Mikami: It was jointly decided by Capcom and Flagship. Flagship wasn't involved with Resident Evil 1, but they are responsible for the scenarios for RE2 and all future RE games.

WS: There are lots of hidden games in Resident Evil 2 (Tofu, for example). Whose idea was this?
Mikami:We combined the ideas of the whole staff, so the idea doesn't belong to a specific staff member. We created the hidden games because we wanted the players to play the game over and over. As for the Tofu character, he was used to checking while we were developing the game. We put arms and legs on Tofu, and thought it was very funny. We decided to adopt him for the game so the players could laugh at him.

WS: How did you come up with the new creatures, like the Licker, that are featured in Resident Evil 2?
Mikami: We all exchanged our opinions and ideas to create the creatures.

WS: Are there significant differences between the Japanese and U.S. versions of Resident Evil 2, as there were with RE1?
Mikami:The U.S. version of RE2 is more difficult than the Japanese version. Also, there are "dying demos" in the U.S. version that were deleted in the Japanese version. A dying demo is a CG [computer generated] scene shown when the player dies (Game Over).

WS: How were the amazingly lifelike CG scenes filmed?
Mikami:First, using motion pictures and action figures, we made image videos [shots of the figures from every angle] to get standard images. Then, we used CG tools to render each picture and convert the data for PlayStation.

WS: Will there be a Resident Evil 3? If so, when will it be available?
Mikami:We do plan to make RE3, but we don't know when.

WS: Will we be seeing Jill and Chris from Resident Evil 1 again?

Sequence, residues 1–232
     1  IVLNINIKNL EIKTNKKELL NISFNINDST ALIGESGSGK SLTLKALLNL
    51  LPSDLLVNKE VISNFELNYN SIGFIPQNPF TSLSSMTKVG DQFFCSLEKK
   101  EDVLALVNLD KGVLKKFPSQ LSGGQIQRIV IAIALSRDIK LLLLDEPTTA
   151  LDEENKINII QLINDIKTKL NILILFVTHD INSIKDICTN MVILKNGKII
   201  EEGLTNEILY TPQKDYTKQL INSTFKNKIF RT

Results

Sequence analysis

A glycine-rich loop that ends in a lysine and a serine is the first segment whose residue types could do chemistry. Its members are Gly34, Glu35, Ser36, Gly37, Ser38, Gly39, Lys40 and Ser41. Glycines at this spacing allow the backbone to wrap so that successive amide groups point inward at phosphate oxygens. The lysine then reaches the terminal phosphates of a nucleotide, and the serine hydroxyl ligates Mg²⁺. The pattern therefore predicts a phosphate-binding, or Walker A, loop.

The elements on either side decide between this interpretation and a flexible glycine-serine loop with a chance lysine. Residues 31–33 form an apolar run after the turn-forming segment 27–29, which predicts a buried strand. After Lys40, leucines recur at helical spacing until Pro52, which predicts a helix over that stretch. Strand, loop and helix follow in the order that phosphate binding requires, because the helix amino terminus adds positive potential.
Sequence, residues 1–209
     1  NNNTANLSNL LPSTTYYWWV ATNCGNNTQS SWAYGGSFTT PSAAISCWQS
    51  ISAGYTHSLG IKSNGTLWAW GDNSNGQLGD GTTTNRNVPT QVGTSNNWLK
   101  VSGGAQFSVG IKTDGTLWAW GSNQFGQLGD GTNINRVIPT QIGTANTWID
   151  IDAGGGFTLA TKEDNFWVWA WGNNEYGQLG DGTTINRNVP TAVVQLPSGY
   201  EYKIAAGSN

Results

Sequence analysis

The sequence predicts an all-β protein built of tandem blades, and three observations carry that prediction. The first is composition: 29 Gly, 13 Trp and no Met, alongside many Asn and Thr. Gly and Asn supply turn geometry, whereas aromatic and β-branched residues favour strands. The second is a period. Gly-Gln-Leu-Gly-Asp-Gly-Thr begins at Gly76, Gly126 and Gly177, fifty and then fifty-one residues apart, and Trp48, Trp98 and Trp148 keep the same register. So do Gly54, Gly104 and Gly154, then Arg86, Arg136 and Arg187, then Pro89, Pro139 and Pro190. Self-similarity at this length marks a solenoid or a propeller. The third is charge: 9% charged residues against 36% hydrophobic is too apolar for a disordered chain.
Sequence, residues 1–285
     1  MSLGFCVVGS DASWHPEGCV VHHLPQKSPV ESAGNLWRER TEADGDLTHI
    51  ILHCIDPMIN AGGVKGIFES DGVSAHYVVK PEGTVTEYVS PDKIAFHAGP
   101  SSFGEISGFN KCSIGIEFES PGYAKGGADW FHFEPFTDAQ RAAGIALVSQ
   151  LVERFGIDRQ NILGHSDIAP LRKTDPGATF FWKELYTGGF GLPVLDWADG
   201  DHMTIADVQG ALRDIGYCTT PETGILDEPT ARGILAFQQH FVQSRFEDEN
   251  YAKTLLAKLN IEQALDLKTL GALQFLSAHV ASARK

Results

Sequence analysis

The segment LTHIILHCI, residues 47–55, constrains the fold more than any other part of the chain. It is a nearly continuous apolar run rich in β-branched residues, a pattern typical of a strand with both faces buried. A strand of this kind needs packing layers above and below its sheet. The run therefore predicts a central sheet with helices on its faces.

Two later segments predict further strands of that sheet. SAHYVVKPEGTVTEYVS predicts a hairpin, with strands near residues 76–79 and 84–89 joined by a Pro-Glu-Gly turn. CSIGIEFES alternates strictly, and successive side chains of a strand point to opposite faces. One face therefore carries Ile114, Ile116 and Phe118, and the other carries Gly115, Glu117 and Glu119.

Mikami:It hasn't been decided yet, but I would like to cast them in the feature game.

Issue 3

WS: Will we ever see the European Umbrella HQ that Jill and Chris went to look for at the end of RE1?
Mikami: I'm sorry, that's classified...

WS: Will there be new creatures featured in RE3?
Mikami: That hasn't been decided.

WS: What are your influences? Movies? Books? Magazines? Music?
Mikami: I watch about 50 movies every year; I've watched most of the movies featuring zombies. I read fantasy novels, like Guin Saga. I listen to classical music, like Mozart's Piano Concerto No. 20, and jazz, like Bud Powell's "Dream of Cleopatra." I enjoy video games, too, like The Legend of Zelda.

WS: How many people work on the RE games?
Mikami:60 people on RE1, 50 people on RE2.

WS: What is your career background?
Mikami:I graduated from Doshisha University (one of the traditional private universities located in Kyoto), Development of Commercial Science. I majored in the study of merchandise. As a club activity, I participated in kendo and karate. I joined Capcom eight years ago. I was involved in the development of Aladdin and Good Troop for Super Famicom, and Roger Rabbit for Game Boy.

WS: Did you play video games when you were growing up?
Mikami:I didn't play video games when I was little; I played outside instead. The first game I played was Space Invaders, when I was in junior high school. I played it for or give times at a coffee shop. When I was 20, I started playing video games.

To the readers:
I will be making other games in addition to Resident Evil, so please give us support!

Best regards,
Shinji Mikami
Resident Evil Producer